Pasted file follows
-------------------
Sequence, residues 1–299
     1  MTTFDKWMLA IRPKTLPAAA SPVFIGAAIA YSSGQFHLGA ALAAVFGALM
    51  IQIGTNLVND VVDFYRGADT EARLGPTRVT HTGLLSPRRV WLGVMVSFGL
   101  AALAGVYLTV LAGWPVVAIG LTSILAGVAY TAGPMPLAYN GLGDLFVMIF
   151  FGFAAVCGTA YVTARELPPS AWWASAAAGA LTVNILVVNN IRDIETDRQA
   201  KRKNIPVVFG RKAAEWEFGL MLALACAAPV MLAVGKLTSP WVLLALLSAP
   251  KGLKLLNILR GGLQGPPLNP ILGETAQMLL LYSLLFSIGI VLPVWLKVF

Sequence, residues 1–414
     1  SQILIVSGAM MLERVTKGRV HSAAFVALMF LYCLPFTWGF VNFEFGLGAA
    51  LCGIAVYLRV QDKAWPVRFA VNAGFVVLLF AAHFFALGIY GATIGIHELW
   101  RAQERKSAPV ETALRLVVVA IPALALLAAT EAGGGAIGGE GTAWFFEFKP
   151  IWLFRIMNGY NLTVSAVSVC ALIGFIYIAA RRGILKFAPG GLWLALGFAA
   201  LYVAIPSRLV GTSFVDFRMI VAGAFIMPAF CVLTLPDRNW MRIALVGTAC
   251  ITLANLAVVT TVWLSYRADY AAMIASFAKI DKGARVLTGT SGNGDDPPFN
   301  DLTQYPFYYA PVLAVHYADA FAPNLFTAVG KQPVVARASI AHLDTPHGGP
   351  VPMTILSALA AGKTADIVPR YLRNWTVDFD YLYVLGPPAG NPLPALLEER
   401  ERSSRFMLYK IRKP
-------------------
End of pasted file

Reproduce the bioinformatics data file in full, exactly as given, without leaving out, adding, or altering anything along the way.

Sequence, residues 1–299
     1  MTTFDKWMLA IRPKTLPAAA SPVFIGAAIA YSSGQFHLGA ALAAVFGALM
    51  IQIGTNLVND VVDFYRGADT EARLGPTRVT HTGLLSPRRV WLGVMVSFGL
   101  AALAGVYLTV LAGWPVVAIG LTSILAGVAY TAGPMPLAYN GLGDLFVMIF
   151  FGFAAVCGTA YVTARELPPS AWWASAAAGA LTVNILVVNN IRDIETDRQA
   201  KRKNIPVVFG RKAAEWEFGL MLALACAAPV MLAVGKLTSP WVLLALLSAP
   251  KGLKLLNILR GGLQGPPLNP ILGETAQMLL LYSLLFSIGI VLPVWLKVF

Sequence, residues 1–414
     1  SQILIVSGAM MLERVTKGRV HSAAFVALMF LYCLPFTWGF VNFEFGLGAA
    51  LCGIAVYLRV QDKAWPVRFA VNAGFVVLLF AAHFFALGIY GATIGIHELW
   101  RAQERKSAPV ETALRLVVVA IPALALLAAT EAGGGAIGGE GTAWFFEFKP
   151  IWLFRIMNGY NLTVSAVSVC ALIGFIYIAA RRGILKFAPG GLWLALGFAA
   201  LYVAIPSRLV GTSFVDFRMI VAGAFIMPAF CVLTLPDRNW MRIALVGTAC
   251  ITLANLAVVT TVWLSYRADY AAMIASFAKI DKGARVLTGT SGNGDDPPFN
   301  DLTQYPFYYA PVLAVHYADA FAPNLFTAVG KQPVVARASI AHLDTPHGGP
   351  VPMTILSALA AGKTADIVPR YLRNWTVDFD YLYVLGPPAG NPLPALLEER
   401  ERSSRFMLYK IRKP